Carolyn Hembree was born in Bristol, Tennessee. Her debut poetry collection, Skinny, came out from Kore Press in 2012. In 2016, Trio House Books published her second collection, Rigging a Chevy into a Time Machine and Other Ways to Escape a Plague, selected by Neil Shepard for the 2015 Trio Award and by Stephanie Strickland for the 2015 Rochelle Ratner Memorial Award. Her work has appeared in Colorado Review, Gulf Coast, The Journal, Poetry Daily, and other publications. She has received grants and fellowships from PEN, the Louisiana Division of the Arts, and the Southern Arts Federation. An assistant professor at the University of New Orleans, Carolyn teaches writing and serves as poetry editor of Bayou Magazine.
1 - How did your first book change your life?
I sent my first poetry manuscript, Skinny, to contests and open reading periods for ten years before Kore Press made it a book in 2012. Cracks of lightning, too, lit that decade-long night of rejection; journals and anthologies printed the poems individually, and the manuscript was a bridesmaid in several contests. (Those modest gowns cost money though.) In sum, I felt gratitude for the book’s acceptance. Practically speaking, the book’s publication weighed in my University’s decision to promote me to a tenure-track position; the course release and raise have made life easier.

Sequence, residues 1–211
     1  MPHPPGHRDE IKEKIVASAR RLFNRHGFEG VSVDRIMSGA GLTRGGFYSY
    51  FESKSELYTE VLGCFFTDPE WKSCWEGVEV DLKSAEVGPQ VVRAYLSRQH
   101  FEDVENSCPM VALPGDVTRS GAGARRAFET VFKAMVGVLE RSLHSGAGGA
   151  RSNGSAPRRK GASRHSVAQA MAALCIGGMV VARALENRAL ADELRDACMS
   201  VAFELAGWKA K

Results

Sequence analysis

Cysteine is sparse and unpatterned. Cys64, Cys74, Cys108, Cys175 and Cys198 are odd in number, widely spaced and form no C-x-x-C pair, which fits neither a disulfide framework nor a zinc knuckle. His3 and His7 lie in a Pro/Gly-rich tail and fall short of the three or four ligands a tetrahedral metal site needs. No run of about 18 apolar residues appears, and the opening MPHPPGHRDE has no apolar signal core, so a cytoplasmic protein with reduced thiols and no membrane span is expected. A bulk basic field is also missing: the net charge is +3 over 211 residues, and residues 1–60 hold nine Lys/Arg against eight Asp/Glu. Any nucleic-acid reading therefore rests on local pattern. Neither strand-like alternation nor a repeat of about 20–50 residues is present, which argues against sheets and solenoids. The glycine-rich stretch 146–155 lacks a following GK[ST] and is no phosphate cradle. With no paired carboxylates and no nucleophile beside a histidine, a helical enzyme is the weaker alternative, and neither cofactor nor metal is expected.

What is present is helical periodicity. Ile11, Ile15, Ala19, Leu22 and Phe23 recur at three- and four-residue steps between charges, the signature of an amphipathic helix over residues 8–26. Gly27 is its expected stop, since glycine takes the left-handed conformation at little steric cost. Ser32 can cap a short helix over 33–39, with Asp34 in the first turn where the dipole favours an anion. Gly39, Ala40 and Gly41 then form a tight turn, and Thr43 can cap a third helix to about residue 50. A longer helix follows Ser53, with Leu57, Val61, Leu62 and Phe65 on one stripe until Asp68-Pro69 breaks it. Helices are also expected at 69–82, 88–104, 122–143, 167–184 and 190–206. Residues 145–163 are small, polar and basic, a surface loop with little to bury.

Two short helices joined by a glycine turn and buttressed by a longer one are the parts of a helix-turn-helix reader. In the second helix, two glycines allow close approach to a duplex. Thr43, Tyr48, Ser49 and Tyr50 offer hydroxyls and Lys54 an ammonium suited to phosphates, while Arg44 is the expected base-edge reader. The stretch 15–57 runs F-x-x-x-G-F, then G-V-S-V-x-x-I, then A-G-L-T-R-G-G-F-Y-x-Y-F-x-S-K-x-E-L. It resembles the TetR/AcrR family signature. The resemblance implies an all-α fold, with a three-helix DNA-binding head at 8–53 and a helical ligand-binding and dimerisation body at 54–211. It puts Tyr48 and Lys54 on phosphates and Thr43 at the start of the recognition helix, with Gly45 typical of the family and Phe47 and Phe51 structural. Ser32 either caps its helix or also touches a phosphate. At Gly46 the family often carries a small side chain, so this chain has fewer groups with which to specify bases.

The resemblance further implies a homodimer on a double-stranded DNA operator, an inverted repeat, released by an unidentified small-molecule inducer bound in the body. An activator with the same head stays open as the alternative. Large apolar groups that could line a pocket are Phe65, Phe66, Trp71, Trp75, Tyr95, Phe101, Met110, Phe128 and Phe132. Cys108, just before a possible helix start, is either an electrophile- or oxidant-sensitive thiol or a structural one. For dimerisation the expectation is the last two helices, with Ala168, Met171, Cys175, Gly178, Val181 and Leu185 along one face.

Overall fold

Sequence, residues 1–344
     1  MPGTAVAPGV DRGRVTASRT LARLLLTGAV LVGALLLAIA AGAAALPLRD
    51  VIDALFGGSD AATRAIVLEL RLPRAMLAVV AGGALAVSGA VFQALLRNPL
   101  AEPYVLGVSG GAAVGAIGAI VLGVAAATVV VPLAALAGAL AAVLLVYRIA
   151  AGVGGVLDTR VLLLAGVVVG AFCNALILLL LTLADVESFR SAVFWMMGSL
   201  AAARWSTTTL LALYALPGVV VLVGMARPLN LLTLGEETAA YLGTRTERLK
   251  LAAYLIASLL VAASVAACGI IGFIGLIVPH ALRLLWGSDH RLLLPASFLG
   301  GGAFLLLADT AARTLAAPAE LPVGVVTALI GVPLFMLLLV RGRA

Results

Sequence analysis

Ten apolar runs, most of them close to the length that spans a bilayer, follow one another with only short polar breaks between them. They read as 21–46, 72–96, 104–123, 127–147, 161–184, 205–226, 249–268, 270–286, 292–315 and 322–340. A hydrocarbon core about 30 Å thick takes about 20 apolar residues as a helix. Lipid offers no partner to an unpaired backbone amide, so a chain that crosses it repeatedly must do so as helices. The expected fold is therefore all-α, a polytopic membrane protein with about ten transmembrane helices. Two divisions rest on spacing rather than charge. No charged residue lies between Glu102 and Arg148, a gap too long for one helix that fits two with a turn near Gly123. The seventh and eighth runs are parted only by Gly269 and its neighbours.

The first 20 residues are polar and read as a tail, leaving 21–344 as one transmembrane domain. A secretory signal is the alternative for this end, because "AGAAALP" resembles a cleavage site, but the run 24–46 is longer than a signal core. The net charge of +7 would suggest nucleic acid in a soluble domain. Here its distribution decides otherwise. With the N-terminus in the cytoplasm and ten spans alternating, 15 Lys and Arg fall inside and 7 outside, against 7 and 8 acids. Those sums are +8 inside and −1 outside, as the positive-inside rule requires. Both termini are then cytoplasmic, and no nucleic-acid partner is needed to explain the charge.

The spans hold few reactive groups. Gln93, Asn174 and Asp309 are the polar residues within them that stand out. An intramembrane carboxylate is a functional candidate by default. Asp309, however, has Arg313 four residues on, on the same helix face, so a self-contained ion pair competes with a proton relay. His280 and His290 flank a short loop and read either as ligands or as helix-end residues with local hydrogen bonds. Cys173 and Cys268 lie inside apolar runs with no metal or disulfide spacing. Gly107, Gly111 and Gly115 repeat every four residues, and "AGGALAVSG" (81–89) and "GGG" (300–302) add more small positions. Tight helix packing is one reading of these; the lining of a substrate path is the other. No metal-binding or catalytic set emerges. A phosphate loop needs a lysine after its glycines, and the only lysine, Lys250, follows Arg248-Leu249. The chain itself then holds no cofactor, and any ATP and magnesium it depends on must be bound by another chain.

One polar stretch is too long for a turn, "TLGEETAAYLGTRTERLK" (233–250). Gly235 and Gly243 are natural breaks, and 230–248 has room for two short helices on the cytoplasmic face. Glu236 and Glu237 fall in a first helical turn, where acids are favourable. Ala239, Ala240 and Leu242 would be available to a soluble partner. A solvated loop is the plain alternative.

How does your most recent work compare to your previous? How does it feel different?
Both books evoke the South and a kind of isolation. The first book exists inside of a dream, not to be helped. No single voice is entirely drawn: all share a telephone party line, snatches of this and that mesh to form a psychology. The second book, Rigging a Chevy into a Time Machine and Other Ways to Escape a Plague, winner of the 2015 Trio Award and the 2015 Rochelle Ratner Memorial Award, feels denser, I suppose. For one, the landscape becomes a character as much as any soul. Doctrine I absorbed in the Presbyterian Church my family attended shows in a fatalism, an inevitability, a finish of the second book. To my mind, the first remains more in the air.
2 - How did you come to poetry first, as opposed to, say, fiction or non-fiction?
In an effort to check my juvenile delinquency, my parents sent me to an evangelical school for the ninth grade. Naturally, my nefarious activities increased in the authoritarian atmosphere, where I quickly found coconspirators with whom to share earbuds during morning prayer (Mötley Crüe’s “Shout at the Devil” our go-to, obviously), to drink vodka during PE, to disrupt assemblies—whether by inciting a chant to call out the tuba player who masturbated under his band jacket during pep rallies or making infant cries during cautionary abortion films. Needless to say, I only attended the school one year. Aside from the fun, this Advanced English teacher, Mrs. Bolla, had us write poems. Mrs. Bolla, who only allowed herself a reading list befitting a conservative Christian woman, pulled my despairing rhymes from the bunch and showed them to her friend, a bona fide poet who sent a gentle and encouraging letter my way. That was all I needed.
3 - How long does it take to start any particular writing project? Does your writing initially come quickly, or is it a slow process? Do first drafts appear looking close to their final shape, or does your work come out of copious notes?
It takes years with stops and starts for research, drafts, rewrites, and final edits across the manuscript to unify motifs and excise overused language. All in all, the second book, a modest 72 pages, took thirteen years, thereabouts.